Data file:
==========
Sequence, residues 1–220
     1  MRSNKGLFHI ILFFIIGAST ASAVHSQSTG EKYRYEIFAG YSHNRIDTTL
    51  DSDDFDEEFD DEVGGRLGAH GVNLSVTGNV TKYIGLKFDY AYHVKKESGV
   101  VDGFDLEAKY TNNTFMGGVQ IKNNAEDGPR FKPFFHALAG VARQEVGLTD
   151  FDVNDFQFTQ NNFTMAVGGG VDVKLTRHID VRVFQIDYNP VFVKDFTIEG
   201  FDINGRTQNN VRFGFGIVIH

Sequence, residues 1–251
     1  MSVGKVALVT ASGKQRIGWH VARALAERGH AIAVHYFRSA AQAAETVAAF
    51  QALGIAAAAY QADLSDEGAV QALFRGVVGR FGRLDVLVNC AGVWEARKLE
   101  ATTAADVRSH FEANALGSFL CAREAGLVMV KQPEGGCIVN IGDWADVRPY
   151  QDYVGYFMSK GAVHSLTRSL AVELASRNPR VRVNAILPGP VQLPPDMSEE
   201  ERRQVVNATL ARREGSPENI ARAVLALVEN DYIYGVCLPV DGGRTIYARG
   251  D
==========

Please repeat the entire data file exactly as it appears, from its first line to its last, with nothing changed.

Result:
Sequence, residues 1–220
     1  MRSNKGLFHI ILFFIIGAST ASAVHSQSTG EKYRYEIFAG YSHNRIDTTL
    51  DSDDFDEEFD DEVGGRLGAH GVNLSVTGNV TKYIGLKFDY AYHVKKESGV
   101  VDGFDLEAKY TNNTFMGGVQ IKNNAEDGPR FKPFFHALAG VARQEVGLTD
   151  FDVNDFQFTQ NNFTMAVGGG VDVKLTRHID VRVFQIDYNP VFVKDFTIEG
   201  FDINGRTQNN VRFGFGIVIH

Sequence, residues 1–251
     1  MSVGKVALVT ASGKQRIGWH VARALAERGH AIAVHYFRSA AQAAETVAAF
    51  QALGIAAAAY QADLSDEGAV QALFRGVVGR FGRLDVLVNC AGVWEARKLE
   101  ATTAADVRSH FEANALGSFL CAREAGLVMV KQPEGGCIVN IGDWADVRPY
   151  QDYVGYFMSK GAVHSLTRSL AVELASRNPR VRVNAILPGP VQLPPDMSEE
   201  ERRQVVNATL ARREGSPENI ARAVLALVEN DYIYGVCLPV DGGRTIYARG
   251  D